This is from the blog Debunking Christianity  Our efforts here at DC are Having an Effect By John W. Loftus at 6/10/2010 "Here's an email I received from a man  named Robert:" John, Thank you for the time and effort you have put into your writing.  I am a  Christian of nearly 30 years; devout, church going, prayerful.  I first  found about 2 years ago and it opened me up to the  possibility that the Bible is false.  I always beware when I see one of these "long time Christian realized faith is buss shit." It really makes me angry and sick because whatever he says, no matter how banal or silly, he claims he's a Christian so he has to be one. This is one of the basic tenets of the New atheist faith, that there is no such thing as a false members of a group, any and all members of groups regardless of their experiences automatically represent that group it it's fullest and most articulate epitome. Otherwise, if anyone claim

Meaning and Truth part 2

I said last time that I was not trying to prove anything but just explecating my views. So angry atheists write and say "You don't back anything up, you can't prove anything." why should anyone get angry because of my opinion? I said point blank I wasn't trying to prove anything! Meaning is a function of truth, and truth is the limit on meaning. In other words The only way that something is meaningful is in proportion to the extent to which it represents the truth of some situation or outlook. By the same token, meaning is limited by truth. A lie is not meaningful in terms of its falsehood, only in terms of what it tells us about the liar. Meaning is subjective, one cannot deduce meaning from the order of things as one might try to deduce a designer from the apparent design in the universe. For that matter, I don't think one can logically deduce a design in the universe. The fact that meaning is subject does not indicate that God can't best

Christianity and Civilization part 1: Meaning and Truth part 1

part 1 of 4 Jean-Paul Sartre (1905-1980) See The Ultimate Online Sartre resource: "have a coffee Break With Jean-Paul." I have decided to flesh out several themes that are implicit in the piece I wrote in "Open Letter to John Loftus and  the DC crowd."In so doing I will be speaking in a very general sense. Obviously I can't lay out the whole history of western civ. in a blog spot. I realize I will be painting with a broad brush. But this is an attempt to spell out the ideas that have always acted as under girding for my belief system and spur me on to faith. I don't claim to be making pronouncements from on high. I don't claim that I could prove all my beliefs. Rather I shall attempt to spell out some of the basic reasons for my world view. Perhaps the most important underlying theme of that essay is that of meaning and transcendent truth. Meaning in life plays a big role in the playing out of my youthful formation; as a Sartian existentialist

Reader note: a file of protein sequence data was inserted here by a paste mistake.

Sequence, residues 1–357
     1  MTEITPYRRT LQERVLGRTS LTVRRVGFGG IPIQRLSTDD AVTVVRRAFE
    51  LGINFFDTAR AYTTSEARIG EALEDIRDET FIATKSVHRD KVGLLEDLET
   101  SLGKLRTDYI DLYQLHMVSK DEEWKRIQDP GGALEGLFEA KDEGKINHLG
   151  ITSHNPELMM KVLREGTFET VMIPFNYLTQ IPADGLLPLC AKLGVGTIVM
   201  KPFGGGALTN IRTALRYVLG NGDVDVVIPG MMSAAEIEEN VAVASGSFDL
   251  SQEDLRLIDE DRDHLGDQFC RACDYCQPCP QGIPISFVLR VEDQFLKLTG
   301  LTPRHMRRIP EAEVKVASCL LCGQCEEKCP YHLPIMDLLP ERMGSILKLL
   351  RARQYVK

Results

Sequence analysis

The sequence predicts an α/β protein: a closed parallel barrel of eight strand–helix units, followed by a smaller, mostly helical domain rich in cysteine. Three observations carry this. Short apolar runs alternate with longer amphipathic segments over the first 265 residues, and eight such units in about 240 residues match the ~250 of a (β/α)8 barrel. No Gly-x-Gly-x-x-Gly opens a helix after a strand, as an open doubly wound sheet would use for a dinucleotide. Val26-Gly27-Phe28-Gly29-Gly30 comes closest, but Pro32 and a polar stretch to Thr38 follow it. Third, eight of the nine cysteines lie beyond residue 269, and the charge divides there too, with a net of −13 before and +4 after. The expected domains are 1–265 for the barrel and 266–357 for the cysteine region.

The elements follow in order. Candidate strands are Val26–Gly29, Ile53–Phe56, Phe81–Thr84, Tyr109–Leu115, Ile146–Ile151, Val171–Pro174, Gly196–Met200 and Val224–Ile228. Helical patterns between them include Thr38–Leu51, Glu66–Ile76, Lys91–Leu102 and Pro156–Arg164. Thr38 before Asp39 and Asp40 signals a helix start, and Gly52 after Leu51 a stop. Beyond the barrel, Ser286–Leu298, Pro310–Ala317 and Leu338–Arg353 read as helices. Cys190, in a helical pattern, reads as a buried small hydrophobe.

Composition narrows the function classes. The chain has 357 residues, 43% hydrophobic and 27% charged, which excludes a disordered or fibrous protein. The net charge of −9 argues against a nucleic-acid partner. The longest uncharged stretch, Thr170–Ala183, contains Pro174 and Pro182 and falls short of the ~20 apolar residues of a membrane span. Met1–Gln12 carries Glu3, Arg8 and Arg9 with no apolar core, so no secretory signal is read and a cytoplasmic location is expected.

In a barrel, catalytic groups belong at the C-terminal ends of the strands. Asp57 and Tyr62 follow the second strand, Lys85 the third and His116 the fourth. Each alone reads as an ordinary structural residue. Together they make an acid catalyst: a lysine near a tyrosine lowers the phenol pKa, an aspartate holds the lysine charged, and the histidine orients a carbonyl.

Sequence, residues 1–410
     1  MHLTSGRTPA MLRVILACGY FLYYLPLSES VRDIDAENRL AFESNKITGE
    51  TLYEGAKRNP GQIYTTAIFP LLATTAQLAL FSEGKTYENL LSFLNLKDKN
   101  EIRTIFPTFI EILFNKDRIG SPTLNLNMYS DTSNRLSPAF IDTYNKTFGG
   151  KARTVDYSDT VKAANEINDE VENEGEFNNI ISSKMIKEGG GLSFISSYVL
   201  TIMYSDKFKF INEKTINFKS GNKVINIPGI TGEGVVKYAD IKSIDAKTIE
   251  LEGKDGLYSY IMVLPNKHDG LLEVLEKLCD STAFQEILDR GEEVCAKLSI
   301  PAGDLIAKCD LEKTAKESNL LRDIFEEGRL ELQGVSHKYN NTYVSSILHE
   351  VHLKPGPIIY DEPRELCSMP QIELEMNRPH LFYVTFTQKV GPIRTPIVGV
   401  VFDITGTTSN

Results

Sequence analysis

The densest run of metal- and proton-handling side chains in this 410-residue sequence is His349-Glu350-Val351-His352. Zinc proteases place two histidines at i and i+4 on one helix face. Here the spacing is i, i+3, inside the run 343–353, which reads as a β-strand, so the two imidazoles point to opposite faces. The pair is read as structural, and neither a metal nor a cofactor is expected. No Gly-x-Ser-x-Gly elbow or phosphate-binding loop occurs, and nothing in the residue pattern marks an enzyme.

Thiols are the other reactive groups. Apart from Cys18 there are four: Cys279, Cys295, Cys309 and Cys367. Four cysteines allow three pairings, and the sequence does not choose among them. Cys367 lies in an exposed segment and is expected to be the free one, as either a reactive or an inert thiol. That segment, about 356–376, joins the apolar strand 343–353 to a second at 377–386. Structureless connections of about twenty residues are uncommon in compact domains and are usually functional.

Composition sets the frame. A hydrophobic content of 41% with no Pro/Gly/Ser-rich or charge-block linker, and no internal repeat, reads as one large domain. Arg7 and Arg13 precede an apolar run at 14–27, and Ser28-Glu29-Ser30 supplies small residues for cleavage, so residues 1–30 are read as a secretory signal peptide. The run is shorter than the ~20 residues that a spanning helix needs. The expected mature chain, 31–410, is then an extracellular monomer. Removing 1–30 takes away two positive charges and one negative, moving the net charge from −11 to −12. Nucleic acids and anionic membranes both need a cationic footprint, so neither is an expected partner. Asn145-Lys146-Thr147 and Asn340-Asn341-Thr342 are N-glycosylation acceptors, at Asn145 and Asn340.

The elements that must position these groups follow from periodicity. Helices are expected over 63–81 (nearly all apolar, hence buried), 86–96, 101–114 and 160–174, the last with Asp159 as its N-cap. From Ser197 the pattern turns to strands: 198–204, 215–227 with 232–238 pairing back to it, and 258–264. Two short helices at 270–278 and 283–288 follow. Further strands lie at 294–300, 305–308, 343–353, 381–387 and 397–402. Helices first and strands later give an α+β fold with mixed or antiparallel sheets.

Trace of God: Answering Reverse Design Argument

Atheists have an argument that seeks to reverse the design argument. It does exactly what the design argument does, which is probably reason enough to disregard it; it reasons form the apparent state of the world to the probable non existence of God. If it is illogical to reason form the world to God, it is equally illogical to reason from the world to not God . For this reason I swore off design arguments years ago. I have violated that oath twice, but for good reason (I'll get to those in a minute). In any case, there is a great deal wrong with this argument, and in figuring up all the many problems I see it I began to think of two things: (1) Perhaps it would be instructive to delineate the cases under which one can argue from the state of the world to the existence of God. (2) In pondering this question, I began to think about perhaps what might be the ultimate God argument. The problem is that really if you think about it almost all probabilistic arguments are really